Appellant earnestly insists that the first writ of error sued out of the Appellate Court was a new suit, and that all subsequent proceedings were barred by the one year limitation clause contained in the policy; that the suing out of a writ of error is the commencement of a new suit for all purposes. (International Nat. Bank v. Jenkins, 107 Ill. 291; Same v. Same, 104 id. 143; Singer & Talcott Stone Co. v. Hutchinson, 176 id. 48; Haigh v. Carroll, 197 id. 193.) These decisions, and others of like nature in this State, refer to and construe the Statute of Limitations, and none of them have reference to a limitation in a policy or contract such as the one here in question. Statutes limiting the right to bring actions to a particular period are restrictive and will not be extended to other than those cases expressly provided for. (Sutherland on Statutory Const.— ed. of 1891,—sec. 368.) It is a well established doctrine in. construing statutes of limitations that cases within the reason but not within the words of a statute are not barred. (Bedell v. Janney, 4 Gilm. 193.) In discussing statutory *255limitations in Phœbe v. Jay, Breese, 268, we said (p. 273).: “The Statute of Limitations was made for the purpose of quieting parties after so much time has elapsed as affords a presumption that the evidence might be lost by death or forgetfulness. * * * The law, therefore, discourages lawsuits after so much time has intervened as to create the presumption that witnesses have died or forgotten the transactions,—or, in other words, the law favors the diligent and not the slothful.” While, under the decisions in this State, this writ of error must be held to be a new suit on the record, it can hardly be held to be one on the insurance policy. The provision in question in the policy, if construed as contended for by appellant, would, in effect, prevent suits on insurance policies containing such a limitation from being reviewed by writs of error.' Fairly construed, that provision requires the original suit to be begun within a year from the date of the fire, and not that writs of error reviewing the proceedings in such original suit must also be commenced within the same period of time. No decisions precisely in point, either in this or other jurisdictions, have been called to our attention, but the following authorities tend to support this conclusion: Hamburg-Bremen Fire Ins. Co. v. Pelzer Manf. Co. 76 Fed. Rep. 479; Harris v. Phœnix Ins. Co. 35 Conn. 310; Davis v. Stewart & Co. 26 Ohio St. 643.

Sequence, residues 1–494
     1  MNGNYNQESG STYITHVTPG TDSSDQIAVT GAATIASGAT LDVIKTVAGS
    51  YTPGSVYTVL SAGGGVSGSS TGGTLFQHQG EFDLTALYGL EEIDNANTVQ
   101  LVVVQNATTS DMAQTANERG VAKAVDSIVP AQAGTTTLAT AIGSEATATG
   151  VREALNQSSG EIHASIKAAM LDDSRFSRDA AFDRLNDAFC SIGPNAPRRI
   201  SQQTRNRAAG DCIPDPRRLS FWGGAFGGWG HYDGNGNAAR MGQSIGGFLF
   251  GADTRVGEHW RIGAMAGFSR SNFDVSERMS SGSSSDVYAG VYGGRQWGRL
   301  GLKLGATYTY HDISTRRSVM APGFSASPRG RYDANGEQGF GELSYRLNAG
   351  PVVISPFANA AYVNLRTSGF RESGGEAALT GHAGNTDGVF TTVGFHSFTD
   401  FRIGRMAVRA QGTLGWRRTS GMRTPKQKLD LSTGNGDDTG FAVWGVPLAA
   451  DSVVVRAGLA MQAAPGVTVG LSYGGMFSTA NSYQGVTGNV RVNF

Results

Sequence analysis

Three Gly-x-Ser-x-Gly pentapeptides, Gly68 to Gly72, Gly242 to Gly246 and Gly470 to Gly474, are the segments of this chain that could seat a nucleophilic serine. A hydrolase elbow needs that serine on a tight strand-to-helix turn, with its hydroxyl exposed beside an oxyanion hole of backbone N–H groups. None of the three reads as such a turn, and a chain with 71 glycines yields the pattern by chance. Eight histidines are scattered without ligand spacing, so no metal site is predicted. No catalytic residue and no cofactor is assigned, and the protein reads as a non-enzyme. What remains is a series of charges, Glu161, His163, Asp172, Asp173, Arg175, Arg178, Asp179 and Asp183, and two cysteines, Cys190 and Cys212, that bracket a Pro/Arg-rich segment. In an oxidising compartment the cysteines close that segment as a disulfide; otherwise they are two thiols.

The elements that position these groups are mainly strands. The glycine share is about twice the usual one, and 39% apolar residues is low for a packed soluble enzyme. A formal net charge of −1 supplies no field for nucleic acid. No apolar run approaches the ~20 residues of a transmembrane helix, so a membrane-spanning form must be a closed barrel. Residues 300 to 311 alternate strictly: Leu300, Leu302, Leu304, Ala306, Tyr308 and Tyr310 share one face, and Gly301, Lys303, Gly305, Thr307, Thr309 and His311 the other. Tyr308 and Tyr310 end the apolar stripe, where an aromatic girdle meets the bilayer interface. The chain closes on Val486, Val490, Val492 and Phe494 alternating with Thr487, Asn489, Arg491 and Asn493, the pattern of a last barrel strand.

Appellant also insists that the trial court erred in permitting appellee to testify that the deceased agent of appellant had delivered the policy in question to him and that appellee had paid said agent the amount of the premium; that under section 4 of chapter 51 (Hurd’s Stat. 1905, p. 1035,) this evidence was inadmissible. That part of the section relied upon reads: “In every action, suit or proceeding a party to the same who has contracted with an agent of the adverse party,—the agent having since died,—shall not be a competent witness as to any admission or conversation between himself and such agent,” etc. This statute as it now reads went into" effect July 1, 1899. Previous to that *256time this portion of the statute, iii place of reading as it now does, “admission or conversation,” read “conversation or transaction.” The amendment of this section by striking out the word “transaction” was obviously for the purpose of permitting transactions between the-agent and the party to be proven but still to prevent the proof of any admission or conversation with the agent. As. the statute now reads we think the proof of the transaction in question was clearly competent.